The late remittance offer is an offer which ordinarily would remain open by its terms for a month. It does not reinstate the policy (until accepted by payment of the premium) or extend the grace period, and the late remittance offer so states. In Mark's case, the offer would have been open up to about December 25 except for his death on December 7. The offer is *157 made subject to certain conditions, the only material one in this case being that payment must be made during the life of the insured. Thus, there were only a few days for acceptance of the offer by Mark or plaintffs from December 3 or 4, the date on which the late remittance offer would ordinarily have been received, and December 7, the date on which he died. Whether or not such an offer, if received, would have been accepted by a payment of the premium prior to Mark's death is a question, but there is evidence from which it might be found that in all probability it would have been paid promptly. There was no direct evidence at trial, however, confirming that the late remittance offer had in fact been sent. Mr. Hagedorn testified he did not recall receiving such a notice and had no knowledge about it, and there was also evidence that the agent had not received the usual conservation notice.
The policy application form which was signed by both decedent and agent Markman provided that no information given by any agent would bind the association unless such information was set out in writing in the application, and that no agent was authorized to make or alter contracts or to waive any of the association's rights or requirements.
The policy itself, which was retained in the possession of plaintiffs, specifically stated: "No agent or local branch officer may extend the time for payment of any premium or modify or waive any terms of this certificate, the articles of incorporation, bylaws, or any of the Association's rights or requirements."
Gary Steinberg, another of defendant's agents, testified that on a previous occasion he had orally notified Mr. Hagedorn directly when he received a conservation notice regarding a policy on the life of another of plaintiffs' sons. Thus, at that time, agent Steinberg did not notify plaintiffs until after the expiration of the grace period. Steinberg did, however, accept a late premium from Mr. Hagedorn at that time.
In the instant case, when Mark's policy terminated at the end of the grace period, there was a surplus of $10 which automatically paid up an additional $33 on the policy on an extended term basis. The surplus did not, however, automatically extend the double indemnity provision of the contract. Thus, Mark had $10,033 coverage at his death. Defendant contends, however, that the $20,000 double indemnity for accidental death was not in force at the time of Mark's death.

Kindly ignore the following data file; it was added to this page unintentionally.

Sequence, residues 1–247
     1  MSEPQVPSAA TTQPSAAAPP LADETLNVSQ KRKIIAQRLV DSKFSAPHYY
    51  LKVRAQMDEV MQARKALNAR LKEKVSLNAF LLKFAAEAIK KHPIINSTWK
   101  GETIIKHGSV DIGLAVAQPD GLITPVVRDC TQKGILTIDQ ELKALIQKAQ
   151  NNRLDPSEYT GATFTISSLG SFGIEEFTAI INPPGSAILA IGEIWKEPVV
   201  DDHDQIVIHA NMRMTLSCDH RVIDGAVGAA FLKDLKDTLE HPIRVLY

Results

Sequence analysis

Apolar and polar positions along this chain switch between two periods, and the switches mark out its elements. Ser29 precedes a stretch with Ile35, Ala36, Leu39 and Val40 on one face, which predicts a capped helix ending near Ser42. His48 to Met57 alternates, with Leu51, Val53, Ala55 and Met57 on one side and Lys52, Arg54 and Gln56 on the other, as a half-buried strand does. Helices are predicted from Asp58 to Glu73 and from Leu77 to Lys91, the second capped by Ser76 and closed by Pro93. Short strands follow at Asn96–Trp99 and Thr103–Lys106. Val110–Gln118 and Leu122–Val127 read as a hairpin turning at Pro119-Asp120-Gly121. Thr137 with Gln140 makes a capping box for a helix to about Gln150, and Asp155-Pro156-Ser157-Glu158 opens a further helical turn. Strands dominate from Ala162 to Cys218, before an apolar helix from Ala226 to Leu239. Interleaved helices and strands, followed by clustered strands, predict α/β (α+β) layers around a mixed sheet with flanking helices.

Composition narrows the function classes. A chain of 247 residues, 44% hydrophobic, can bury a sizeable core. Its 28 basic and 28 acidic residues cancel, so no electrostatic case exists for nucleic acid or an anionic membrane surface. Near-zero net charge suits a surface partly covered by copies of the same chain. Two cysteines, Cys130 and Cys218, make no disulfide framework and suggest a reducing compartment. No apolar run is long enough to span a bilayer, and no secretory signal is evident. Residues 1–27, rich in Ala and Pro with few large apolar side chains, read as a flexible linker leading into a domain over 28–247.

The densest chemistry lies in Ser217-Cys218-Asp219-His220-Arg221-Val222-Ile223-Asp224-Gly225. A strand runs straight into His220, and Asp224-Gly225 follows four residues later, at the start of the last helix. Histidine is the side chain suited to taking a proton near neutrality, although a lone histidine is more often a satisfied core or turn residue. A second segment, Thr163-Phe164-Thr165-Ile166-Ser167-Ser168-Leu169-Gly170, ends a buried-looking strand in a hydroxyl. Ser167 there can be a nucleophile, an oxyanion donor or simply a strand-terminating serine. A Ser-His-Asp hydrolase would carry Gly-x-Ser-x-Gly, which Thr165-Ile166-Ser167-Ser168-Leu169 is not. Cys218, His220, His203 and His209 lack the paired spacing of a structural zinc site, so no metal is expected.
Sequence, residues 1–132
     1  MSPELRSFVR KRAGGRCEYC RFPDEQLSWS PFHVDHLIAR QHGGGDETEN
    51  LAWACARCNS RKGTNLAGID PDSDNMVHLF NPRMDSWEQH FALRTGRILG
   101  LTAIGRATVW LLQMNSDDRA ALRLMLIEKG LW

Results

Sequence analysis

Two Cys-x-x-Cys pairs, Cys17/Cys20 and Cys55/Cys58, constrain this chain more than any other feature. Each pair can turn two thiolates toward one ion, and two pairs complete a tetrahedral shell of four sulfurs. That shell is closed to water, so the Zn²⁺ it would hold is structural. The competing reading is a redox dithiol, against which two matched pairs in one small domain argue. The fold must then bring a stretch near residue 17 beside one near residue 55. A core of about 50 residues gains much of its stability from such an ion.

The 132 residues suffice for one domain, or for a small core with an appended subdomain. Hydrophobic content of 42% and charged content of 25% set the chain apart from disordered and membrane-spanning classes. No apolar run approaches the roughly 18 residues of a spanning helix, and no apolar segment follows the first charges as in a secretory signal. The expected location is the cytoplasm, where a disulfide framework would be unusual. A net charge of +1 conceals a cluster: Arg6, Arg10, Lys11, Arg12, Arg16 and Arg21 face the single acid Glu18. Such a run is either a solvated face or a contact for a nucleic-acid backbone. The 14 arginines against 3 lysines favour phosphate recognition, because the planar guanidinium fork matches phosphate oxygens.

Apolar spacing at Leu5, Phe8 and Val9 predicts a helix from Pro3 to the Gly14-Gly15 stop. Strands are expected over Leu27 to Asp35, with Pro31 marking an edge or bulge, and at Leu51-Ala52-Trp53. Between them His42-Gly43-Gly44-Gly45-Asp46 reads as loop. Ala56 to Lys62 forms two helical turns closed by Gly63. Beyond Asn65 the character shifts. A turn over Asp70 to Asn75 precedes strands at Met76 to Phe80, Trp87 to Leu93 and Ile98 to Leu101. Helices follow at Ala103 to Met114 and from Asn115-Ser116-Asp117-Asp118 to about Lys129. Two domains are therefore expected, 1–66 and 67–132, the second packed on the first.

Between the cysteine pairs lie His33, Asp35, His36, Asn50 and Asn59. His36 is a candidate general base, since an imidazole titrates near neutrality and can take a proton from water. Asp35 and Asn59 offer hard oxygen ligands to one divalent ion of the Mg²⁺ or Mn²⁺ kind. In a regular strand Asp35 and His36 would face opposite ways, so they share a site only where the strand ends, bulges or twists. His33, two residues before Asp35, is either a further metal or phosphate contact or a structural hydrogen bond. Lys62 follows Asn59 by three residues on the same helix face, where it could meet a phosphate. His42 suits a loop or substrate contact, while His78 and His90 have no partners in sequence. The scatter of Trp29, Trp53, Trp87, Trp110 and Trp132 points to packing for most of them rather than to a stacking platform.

The trial court sitting without a jury found that agent Markman had, within the scope of his apparent authority, made a binding agreement to notify plaintiffs within the grace period of the policy if the premium was in default. The court pointed to the religious and fraternal nature of the organization, the age of the insured, and the reasonable expectation of parents under such circumstances as the basis for its conclusion that defendant had clothed its agent with apparent authority to enter into such an agreement. We reverse and remand for further findings of fact or a new trial in the discretion of the trial court.
The agent in this case admittedly did not have actual authority from his principal to promise plaintiffs they would be notified during the grace period in the event the policy became delinquent in payment so that they could keep it in force. Thus, the issue becomes whether or not the agent had the apparent authority to do so.
Whether an agent was clothed with apparent authority to act as he did is a question for the trier of fact. Gulbrandson v. Empire Mutual Ins. Co., 251 Minn. 387, 87 N.W.2d 850 (1958). Upon reviewing findings made by a court sitting without a jury, this court may order a reversal even though there may be evidence to support the findings if, on viewing the entire evidence, we are left with a firm conviction that a mistake has been made. State, by Head, v. Paulson, 290 Minn. 371, 373, 188 N.W.2d 424, 426 (1971).
*158 Apparent authority is that authority which the principal holds the agent out as possessing or knowingly permits the agent to assume. Hockemeyer v. Pooler, 268 Minn. 551, 130 N.W.2d 367 (1964). This court in Duluth Herald & News Tribune v. Plymouth Optical Co., 286 Minn. 495, 176 N.W.2d 552 (1970), quoted with approval Restatement, Agency 2d, § 27, which provides in part:"* * * [A]pparent authority to do an act is created as to a third person by written or spoken words or any other conduct of the principal which, reasonably interpreted, causes the third person to believe that the principal consents to have the act done on his behalf by the person purporting to act for him."